And while many experts and community activists are optimistic McLay can help rebuild the public’s trust in the bureau, it’s unclear to what extent he’ll be able to address one of their primary concerns: That in the most high-profile cases of potential misconduct, the public is often left in the dark when it comes to police discipline.

“If you look at Leon Ford’s case, we can use that as a prime example,” says Brandi Fisher, president of the Alliance for Police Accountability. She was referring to a minor traffic stop that ended with 19-year-old Ford being shot and paralyzed by police after officers doubted his identity and suspected he had a gun. (No gun was found). “They violated so many policies and procedures and what has happened for that?”

As this story went to press, a criminal trial against Ford was underway on charges of aggravated assault and reckless endangerment.

University of Pittsburgh law professor David Harris, who participated in the candidate-screening committee and has high hopes for his tenure, acknowledges the police have sometimes failed to make a persuasive case that they’re appropriately reviewing officer behavior.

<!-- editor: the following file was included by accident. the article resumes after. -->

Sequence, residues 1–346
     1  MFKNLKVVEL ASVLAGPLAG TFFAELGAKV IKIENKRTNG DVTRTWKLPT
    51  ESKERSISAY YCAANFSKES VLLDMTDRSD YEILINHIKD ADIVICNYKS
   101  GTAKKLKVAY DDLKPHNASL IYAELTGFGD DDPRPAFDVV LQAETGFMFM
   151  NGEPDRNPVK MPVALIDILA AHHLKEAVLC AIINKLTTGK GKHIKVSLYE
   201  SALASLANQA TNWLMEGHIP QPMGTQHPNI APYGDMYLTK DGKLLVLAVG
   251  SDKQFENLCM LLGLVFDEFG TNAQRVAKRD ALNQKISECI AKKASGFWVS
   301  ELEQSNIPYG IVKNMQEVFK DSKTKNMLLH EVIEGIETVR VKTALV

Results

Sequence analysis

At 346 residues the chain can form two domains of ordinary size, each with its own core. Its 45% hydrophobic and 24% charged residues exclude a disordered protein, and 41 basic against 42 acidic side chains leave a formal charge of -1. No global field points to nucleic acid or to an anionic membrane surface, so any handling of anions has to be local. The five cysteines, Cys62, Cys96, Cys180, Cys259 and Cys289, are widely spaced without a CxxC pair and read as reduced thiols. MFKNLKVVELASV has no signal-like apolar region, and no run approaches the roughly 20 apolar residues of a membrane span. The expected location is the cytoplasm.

Perhaps the most high-profile incident Harris points to is the January 2010 case of Jordan Miles — a Homewood teenager beaten by police who thought he was acting suspiciously. (Miles ran from police when they approached him; whether the officers properly identified themselves is disputed.)

“We had a long federal investigation and at the end of it the U.S. Attorney announced there wasn’t enough evidence to prosecute the officers criminally,” Harris says. “[But] instead of saying ‘we look forward to investigating’” to see whether bureau policy was violated, then-chief Nate Harper “reinstated [the officers] the next day and put the onus on Jordan Miles.”

“That kind of ham-handed, one-sided, insensitive sort of approach really left a scar on the community.”

PublicSource and City Paper are launching a collaborative effort to track cases of controversial police behavior. Though there are numerous allegations of misconduct, the project currently focuses on 10 that have captured public attention since the Miles incident.